Unselfish Design: Building a site for your audience, not yourself
Ian Lurie Jul 22 2004
Seems obvious, right? A web site is built to address the needs of someone else. You want visitors to buy your product, get your message, support your cause, etc. and the only way to do that is to build a web site that appeals to them.
Yet most web sites I see are clearly built to appeal to the tastes and egos of the CEO, the marketing director or the VP of sales. These sites don’t address the needs of the customer.
‘Selfish design’, as I call it, ignores the fact that, when you hire an Internet marketing professional, you’re hiring them to build a web site for your customers, not for you. And it ignores the basic principle of marketing in any medium: Know Thy Audience. Remember, it’s rare that you, the director of marketing or business owner or other decision maker, are going to have the same limitations and desires as your audience. Practice this design method at your peril.
Here’s a quick example: A few years ago I received a call from a business owner. His site just wasn’t generating any business, he said, and he couldn’t figure out why. He sold a special kind of jeans (actually he didn’t, but I’ve changed the product to protect the innocent) and really thought he’d get more Internet business because of the special audience to which he catered. After a little research, I saw he was right – he had a high-end product, desired by a fairly well-to-do audience. It was the perfect Internet business. But no one could find his site. Why? He had a 45-second Flash introduction on his site. This had two immediate, negative results:
- His site was completely invisible to search engines. Anyone searching for ‘jeans’ on Google, Yahoo or MSN had no chance of finding him. So his search engine optimization opportunities were nil.
- Most of his customers were in a hurry. The last thing they wanted to do was watch a bunch of animation. They wanted to see his products, make a decision, buy and get out.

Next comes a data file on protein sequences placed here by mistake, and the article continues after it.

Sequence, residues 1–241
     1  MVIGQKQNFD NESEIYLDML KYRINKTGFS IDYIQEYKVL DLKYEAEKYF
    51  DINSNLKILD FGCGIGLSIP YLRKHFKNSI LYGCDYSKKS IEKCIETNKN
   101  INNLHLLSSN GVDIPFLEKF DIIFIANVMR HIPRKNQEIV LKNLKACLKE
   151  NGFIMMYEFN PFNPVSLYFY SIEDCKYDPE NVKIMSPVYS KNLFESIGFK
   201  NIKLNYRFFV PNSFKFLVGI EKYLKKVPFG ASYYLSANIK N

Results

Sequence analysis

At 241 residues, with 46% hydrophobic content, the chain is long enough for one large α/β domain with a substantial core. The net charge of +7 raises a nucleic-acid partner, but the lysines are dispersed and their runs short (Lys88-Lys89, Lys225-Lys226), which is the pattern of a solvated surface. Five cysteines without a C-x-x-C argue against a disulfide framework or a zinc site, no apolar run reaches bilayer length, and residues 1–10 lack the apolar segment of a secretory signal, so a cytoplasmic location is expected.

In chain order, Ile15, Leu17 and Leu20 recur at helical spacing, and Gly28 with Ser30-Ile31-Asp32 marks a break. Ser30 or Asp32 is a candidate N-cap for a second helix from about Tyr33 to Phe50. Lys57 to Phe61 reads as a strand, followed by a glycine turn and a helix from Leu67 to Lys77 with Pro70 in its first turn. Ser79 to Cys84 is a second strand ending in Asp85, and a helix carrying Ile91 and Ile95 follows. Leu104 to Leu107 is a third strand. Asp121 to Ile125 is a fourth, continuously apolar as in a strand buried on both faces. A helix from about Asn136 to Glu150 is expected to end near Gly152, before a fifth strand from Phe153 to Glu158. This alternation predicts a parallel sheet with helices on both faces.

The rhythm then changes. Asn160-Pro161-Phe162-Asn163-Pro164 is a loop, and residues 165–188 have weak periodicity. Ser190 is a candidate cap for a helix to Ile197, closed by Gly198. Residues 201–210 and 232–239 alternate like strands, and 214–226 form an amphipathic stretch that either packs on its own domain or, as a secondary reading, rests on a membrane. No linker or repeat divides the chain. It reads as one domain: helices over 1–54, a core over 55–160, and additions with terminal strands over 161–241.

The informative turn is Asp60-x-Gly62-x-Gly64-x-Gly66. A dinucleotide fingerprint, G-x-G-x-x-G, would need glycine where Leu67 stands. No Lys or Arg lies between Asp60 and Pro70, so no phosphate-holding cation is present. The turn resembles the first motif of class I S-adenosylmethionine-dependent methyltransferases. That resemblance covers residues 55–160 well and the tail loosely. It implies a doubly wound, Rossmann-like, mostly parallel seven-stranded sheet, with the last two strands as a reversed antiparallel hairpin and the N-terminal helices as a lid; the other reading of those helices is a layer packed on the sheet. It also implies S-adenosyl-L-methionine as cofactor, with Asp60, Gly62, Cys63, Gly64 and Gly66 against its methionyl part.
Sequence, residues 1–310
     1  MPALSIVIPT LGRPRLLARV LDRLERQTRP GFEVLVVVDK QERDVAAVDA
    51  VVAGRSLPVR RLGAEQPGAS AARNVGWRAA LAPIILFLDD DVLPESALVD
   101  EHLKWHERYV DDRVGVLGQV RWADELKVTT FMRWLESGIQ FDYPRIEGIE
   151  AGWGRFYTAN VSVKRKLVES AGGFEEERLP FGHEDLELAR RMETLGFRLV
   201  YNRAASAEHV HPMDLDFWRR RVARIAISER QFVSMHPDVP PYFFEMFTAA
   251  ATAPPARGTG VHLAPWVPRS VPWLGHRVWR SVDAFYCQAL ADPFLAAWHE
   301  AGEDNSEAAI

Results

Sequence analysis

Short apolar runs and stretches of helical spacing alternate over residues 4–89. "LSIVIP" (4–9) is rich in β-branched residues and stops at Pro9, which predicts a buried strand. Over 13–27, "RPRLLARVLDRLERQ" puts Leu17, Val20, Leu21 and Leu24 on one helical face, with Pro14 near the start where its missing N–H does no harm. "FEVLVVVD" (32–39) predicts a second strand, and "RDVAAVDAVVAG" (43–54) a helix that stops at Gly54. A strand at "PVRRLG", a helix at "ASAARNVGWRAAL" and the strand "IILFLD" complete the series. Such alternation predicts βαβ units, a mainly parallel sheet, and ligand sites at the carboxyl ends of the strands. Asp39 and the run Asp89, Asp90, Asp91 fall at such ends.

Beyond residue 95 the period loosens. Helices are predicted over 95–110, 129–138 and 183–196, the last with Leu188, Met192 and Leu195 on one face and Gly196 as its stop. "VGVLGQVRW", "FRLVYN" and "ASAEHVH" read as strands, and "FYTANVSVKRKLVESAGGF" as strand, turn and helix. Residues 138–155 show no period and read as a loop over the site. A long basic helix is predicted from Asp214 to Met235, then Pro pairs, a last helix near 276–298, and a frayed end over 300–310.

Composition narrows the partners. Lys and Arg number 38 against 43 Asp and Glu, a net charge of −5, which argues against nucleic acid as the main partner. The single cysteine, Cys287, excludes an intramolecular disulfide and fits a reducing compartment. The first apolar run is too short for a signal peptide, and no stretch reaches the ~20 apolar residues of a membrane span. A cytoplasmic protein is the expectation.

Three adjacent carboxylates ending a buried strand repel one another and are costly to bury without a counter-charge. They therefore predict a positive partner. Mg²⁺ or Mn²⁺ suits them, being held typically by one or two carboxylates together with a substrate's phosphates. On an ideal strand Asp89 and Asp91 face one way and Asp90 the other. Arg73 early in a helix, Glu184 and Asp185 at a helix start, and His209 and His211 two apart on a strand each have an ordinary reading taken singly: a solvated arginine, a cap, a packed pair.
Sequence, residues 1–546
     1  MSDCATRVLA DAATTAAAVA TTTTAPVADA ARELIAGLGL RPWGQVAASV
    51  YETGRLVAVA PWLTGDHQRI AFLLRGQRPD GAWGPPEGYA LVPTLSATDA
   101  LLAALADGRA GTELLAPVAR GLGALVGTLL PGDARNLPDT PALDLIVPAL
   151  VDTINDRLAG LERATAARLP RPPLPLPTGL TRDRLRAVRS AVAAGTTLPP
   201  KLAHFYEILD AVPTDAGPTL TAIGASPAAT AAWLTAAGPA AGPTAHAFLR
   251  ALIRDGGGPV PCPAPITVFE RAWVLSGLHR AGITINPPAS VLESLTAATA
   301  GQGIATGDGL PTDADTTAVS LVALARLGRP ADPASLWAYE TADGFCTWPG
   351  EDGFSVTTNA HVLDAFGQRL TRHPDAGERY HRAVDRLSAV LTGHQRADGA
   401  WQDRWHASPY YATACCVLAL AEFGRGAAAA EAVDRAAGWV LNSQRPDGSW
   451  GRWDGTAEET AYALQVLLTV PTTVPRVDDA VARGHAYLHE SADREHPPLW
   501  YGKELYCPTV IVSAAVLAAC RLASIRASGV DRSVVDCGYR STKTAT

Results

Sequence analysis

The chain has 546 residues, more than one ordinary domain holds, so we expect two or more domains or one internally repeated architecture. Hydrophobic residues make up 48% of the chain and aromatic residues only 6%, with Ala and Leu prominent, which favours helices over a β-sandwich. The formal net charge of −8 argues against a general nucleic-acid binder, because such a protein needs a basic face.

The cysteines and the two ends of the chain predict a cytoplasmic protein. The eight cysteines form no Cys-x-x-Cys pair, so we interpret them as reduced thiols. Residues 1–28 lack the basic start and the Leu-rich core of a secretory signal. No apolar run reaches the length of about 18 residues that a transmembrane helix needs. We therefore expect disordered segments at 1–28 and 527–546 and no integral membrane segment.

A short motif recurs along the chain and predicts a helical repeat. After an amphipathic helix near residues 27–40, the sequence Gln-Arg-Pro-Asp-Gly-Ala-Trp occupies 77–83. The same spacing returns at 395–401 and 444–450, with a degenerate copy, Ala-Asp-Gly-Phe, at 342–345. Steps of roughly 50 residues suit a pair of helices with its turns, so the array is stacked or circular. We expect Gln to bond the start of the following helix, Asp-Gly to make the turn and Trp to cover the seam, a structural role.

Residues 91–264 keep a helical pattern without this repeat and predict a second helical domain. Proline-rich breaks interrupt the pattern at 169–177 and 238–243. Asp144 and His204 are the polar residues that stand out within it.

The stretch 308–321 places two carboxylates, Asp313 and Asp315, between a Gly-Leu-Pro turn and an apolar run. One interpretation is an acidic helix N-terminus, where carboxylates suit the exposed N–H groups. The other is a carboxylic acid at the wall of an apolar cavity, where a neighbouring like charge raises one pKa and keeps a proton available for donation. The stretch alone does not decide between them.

This client (he became a client, anyway) had the Flash intro because he wanted one. He wanted to ‘look cool’. But to his audience he already was cool, because of the clothing he sold. He didn’t need to slobber all over them (in a virtual sense). He had his designers build a web site that worked for him, not his customers. Selfish design.
Unselfish design, on the other hand, means putting aside your own wants, dumping the ego trip, and instead focusing on what will work for the folks who really matter: Your customers.
Back to the jeans client for a moment: We chatted a bit about his site, planned out some changes that emphasized unselfish design, and took down the Flash introduction. The result was an immediate top-10 rank on Google, and a tenfold increase in pages viewed per visitor. So, where visitors used to reach his site, view one page, and leave, they now view an average of ten pages before leaving. Internet sales jumped, too.
Unselfish design led to better search engine optimization, a more usable site, and a far higher rate of customer participation.
So, when you hire a consultant to plan out your site, remember what you’re hiring them for: To improve your business. And that means creating something that appeals to your audience.
Ian Lurie is CEO and founder of Portent Inc. He's recorded training for Lynda.com, writes regularly for the Portent Blog and has been published on AllThingsD, Forbes.com and TechCrunch. Ian speaks at conferences around the world, including SearchLove, MozCon, SIC and ad:Tech. Follow him on Twitter at portentint. He also just published a book about strategy for services businesses: One Trick Ponies Get Shot, available on Kindle. Read More